Get under the skin of Ferrari at the London Design Museum
A painstakingly curated exhibition featuring one of the biggest collection of Ferraris and Ferrari memorabilia ever bought together under one roof outside of Maranello, Italy, opened its doors this week.
To mark the marque’s 70th anniversary, “Ferrari: Under the Skin,” which opens to the public this weekend, will feature a collection of 70 classic and contemporary Ferraris with a combined value of £140 million including an exact replica of the very first Ferrari ever made, the 1947 125 S, alongside original sketches and correspondence.
There are collections of handwritten letters from Enzo Ferrari himself, plus his driving licence, as well as a collection of trophies won by the company across numerous racing disciplines. In fact, the depth, quality and rarity of the cars and automotive artifacts on show is so great that the collection is equal only to the exhibit in Ferrari’s own museum.
Other extraordinary cars on display include the 166MM, the car that won the Mille Miglia and Le Mans in 1949; the 1962 250 GTO—considered the holy grail of classic Ferraris and a car that changes hands in private sales and at auction for upwards of $30 million, plus the only ever factory-built Ferrari Testarossa Spider (convertible), commissioned by Fiat chief Gianni Agnelli.
The exhibition, which runs until April 2018, also charts the company’s success as an endurance and F1 team with several major racing cars on show; visitors will get a chance to get up close to Michael Schumacher’s Ferrari F1-2000 in which he won the 2000 F1 driver’s championship and the 250 GT Berlinetta passo corto (SWB) in which Sir Sterling Moss won the 1960 Tourist Trophy.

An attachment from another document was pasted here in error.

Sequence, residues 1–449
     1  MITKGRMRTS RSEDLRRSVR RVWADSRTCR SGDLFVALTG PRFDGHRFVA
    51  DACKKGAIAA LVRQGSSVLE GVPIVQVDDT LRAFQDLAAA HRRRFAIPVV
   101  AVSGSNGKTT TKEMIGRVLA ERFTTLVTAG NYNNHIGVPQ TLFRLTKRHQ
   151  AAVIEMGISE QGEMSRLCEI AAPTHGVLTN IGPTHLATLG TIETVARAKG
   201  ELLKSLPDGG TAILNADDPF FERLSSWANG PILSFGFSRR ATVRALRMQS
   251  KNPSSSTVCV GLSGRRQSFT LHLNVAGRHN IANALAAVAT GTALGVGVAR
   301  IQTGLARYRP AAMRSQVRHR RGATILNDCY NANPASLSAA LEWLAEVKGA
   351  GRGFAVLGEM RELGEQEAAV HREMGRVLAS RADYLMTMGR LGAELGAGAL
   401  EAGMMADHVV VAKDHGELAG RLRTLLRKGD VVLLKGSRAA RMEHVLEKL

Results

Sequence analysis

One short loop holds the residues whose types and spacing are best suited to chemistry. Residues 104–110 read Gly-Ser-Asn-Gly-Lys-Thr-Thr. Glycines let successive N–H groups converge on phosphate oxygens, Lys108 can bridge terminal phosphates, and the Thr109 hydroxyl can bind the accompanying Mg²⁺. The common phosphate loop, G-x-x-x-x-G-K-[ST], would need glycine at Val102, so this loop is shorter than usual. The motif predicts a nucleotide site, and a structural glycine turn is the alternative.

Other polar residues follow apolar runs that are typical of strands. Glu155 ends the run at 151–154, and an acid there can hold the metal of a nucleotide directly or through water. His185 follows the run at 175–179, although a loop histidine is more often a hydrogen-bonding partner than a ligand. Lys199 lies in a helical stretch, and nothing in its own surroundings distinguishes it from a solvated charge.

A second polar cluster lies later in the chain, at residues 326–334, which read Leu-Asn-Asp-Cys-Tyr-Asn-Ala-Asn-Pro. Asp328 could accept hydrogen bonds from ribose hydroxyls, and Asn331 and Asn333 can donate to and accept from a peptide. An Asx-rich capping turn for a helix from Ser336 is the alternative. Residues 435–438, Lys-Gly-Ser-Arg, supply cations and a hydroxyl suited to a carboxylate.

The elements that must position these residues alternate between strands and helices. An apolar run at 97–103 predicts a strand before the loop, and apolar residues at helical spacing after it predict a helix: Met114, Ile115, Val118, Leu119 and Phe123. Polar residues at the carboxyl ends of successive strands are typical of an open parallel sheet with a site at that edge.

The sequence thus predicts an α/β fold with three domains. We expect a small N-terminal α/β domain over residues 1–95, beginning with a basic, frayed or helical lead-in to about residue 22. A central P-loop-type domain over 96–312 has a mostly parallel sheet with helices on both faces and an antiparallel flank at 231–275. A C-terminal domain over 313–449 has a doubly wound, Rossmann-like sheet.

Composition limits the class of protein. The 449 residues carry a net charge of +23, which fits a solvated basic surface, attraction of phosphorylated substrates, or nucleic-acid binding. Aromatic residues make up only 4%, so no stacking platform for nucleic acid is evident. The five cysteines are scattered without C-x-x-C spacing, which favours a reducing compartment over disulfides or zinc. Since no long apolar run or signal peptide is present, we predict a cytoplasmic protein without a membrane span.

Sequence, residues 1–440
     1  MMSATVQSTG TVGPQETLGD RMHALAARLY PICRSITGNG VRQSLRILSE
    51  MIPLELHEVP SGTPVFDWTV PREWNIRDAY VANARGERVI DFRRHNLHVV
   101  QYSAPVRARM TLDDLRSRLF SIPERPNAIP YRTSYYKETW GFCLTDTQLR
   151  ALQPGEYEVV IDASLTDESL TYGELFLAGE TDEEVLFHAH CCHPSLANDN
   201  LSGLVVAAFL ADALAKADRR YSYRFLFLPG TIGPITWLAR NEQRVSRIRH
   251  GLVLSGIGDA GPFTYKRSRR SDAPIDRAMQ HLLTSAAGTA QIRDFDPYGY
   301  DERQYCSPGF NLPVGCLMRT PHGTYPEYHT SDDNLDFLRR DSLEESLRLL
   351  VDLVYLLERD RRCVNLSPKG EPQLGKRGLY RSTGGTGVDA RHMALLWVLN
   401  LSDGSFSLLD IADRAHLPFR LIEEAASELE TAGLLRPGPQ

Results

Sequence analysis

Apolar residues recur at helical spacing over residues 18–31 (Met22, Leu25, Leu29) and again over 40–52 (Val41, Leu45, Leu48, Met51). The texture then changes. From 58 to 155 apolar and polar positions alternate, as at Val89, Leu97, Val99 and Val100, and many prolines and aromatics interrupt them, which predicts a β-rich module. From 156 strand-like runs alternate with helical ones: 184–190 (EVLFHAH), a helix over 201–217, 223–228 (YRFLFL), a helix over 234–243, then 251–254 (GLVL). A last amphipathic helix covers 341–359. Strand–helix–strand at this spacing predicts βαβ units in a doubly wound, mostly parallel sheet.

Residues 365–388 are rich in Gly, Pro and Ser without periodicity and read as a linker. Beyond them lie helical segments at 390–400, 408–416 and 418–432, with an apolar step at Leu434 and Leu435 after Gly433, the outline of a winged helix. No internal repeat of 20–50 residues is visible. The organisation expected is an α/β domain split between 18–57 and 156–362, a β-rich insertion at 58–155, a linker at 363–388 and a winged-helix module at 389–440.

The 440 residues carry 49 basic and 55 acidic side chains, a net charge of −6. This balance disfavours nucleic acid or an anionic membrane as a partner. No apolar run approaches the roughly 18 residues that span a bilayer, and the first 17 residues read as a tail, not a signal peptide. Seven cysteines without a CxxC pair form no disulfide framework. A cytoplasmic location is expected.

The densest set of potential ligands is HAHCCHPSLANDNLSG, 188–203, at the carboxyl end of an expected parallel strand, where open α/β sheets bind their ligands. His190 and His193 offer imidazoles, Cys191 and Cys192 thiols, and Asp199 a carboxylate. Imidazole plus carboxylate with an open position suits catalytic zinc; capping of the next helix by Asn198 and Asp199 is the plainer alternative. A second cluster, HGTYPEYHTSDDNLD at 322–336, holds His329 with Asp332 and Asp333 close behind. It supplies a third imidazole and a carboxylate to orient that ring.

“I think I speak on behalf of millions of ambitious people of all ages that we have all at some point had delicious dreams of owning a Ferrari,” said Sir Terence Conran, founder of the Design Museum of the exhibition. “The brand itself has become a worldwide symbol of design success, whether it is their road models or Grand Prix cars.”
This too is an ongoing theme within the show. A host of the vehicles on show belong to the rich and famous. Pink Floyd drummer and avid classic Ferrari racer Nick Mason has donated his own F40 for the duration of the show and celebrity chef Gordon Ramsey is loaning the Design Museum his personal Ferrari LaFerrari Aperta—currently the company’s most technically advanced and rarefied machine.
Alongside celebrity cars, celebrity client correspondence and photographs from Miles Davis, Clint Eastwood, Peter Sellers, Sammy Davis Jr and Brigitte Bardot among others will also be on display.
But as well as celebrating brand power, this exhibition is a serious attempt to understand what makes a Ferrari special from a design perspective. Therefore, the Design Museum has managed to get ahold of a number of official clay and wind tunnel models used to develop some of the company’s most striking road cars, plus wooden master models over which body panels would have been meticulously hand-formed.
When displayed alongside initial sketches and correspondence, the idea is to show a design roadmap from initial concept to finished car and to explore how the company has changed its approach over the years to building dream machines.
“Ferrari represents an ideal case study in design and development,” said co-curator Andrew Nahum. “Ferrari uses the subtle and often unseen techniques of automobile design, but with the utmost care and precision. The exhibition provides an insight into the history and practice of the whole private world of automotive design.”
Sir Terence Conran added: “The Ferrari story is truly one of the great adventure stories of the industrial age and I am very proud we are able to tell it at the Design Museum.”KI
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